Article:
No. 6 Big Sky’s 50 Greatest Moments: Dave Dickenson Wins Walter Payton Award & National Championship in 1999

By JON KASPER, Big Sky Conference

For 27 years The Sports Network has honored the top football player in the FCS with the Walter Payton Award.

No conference can claim as many winners as the Big Sky Conference. Since the award’s inception, six league quarterbacks and a running back have been considered the best of the best in the FCS (or Division I-AA for purists). It shouldn’t come as surprise since the Big Sky has long been known for innovative and pass-happy offenses.

During a stretch of eight seasons from 1989-1996, Big Sky players won the Payton five times, earning the conference the nickname “Payton Place.” The league’s success of producing Payton Award winners ranks sixth on the Big Sky’s list of “50 Greatest Men’s Moments.”

In 1995, Montana’s Dave Dickenson capped his record-setting collegiate career by guiding his team to a national championship and winning the Walter Payton Award in a landslide. Including his playoff games, Dickenson completed .691 percent of his passes for 5,676 yards with 51 touchdowns and just 11 interceptions.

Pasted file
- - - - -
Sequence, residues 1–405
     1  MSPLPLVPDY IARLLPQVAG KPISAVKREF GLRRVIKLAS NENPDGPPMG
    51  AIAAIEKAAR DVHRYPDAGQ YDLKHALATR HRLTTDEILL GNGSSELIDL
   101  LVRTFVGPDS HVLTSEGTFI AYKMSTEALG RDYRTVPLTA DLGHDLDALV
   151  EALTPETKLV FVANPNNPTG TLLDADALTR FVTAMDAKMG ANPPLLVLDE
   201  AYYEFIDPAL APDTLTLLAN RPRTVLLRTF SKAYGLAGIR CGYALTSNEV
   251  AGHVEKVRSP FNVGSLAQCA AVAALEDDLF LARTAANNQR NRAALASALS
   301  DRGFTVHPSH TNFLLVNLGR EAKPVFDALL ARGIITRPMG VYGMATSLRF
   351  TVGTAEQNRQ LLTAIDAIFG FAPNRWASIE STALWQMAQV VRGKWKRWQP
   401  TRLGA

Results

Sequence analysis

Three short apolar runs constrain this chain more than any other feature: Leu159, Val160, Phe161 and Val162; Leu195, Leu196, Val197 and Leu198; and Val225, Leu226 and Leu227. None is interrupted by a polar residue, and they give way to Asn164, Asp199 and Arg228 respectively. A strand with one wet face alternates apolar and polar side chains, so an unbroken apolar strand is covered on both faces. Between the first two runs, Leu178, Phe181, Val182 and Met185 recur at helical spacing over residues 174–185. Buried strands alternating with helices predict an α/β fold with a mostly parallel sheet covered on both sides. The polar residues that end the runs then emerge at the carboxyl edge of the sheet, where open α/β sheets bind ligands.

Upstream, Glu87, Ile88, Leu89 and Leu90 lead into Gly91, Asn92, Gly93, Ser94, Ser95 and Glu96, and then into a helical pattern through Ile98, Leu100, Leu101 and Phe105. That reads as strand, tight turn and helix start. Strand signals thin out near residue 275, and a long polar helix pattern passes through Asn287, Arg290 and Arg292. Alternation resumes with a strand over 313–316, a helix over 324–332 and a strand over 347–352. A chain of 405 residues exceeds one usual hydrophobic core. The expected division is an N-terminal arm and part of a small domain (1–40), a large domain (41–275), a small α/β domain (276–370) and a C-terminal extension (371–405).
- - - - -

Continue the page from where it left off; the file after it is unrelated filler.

Dave Dickenson ADickenson was presented with the bust in a rousing celebration at Montana’s Dahlberg Arena just days after winning the national championship. The party – to honor Dickenson and the rest of the 1995 team – included a call from President Bill Clinton. But for Dickenson, it was bittersweet as he was unable to meetPayton.

“Walter Payton was one of the guys I looked up to,” said Dickenson, who is the offensive coordinator for the CFL’s Calgary Stampeders. “Drew Pearson, Walter Payton and Tony Dorsett were three guys I held in really high regard. I really wanted to meet the guy. Part of me felt like because I was from small-town Montana I wasn’t able to meet him. I didn’t realize at the time he was so sick.

“It was one of those things that I got down for a bit, but I found out later he was so sick,” Dickenson added. “It was a lot easier to put into perspective. I received a letter from him, and the call from the President of the United States, I enjoyed that. I appreciated that Bill Clinton took the time. But I wish I could have met Walter Payton. I wish there was someway I could have flown to him. I regret that. To sit down with someone like that for 30 minutes would have been a great experience.”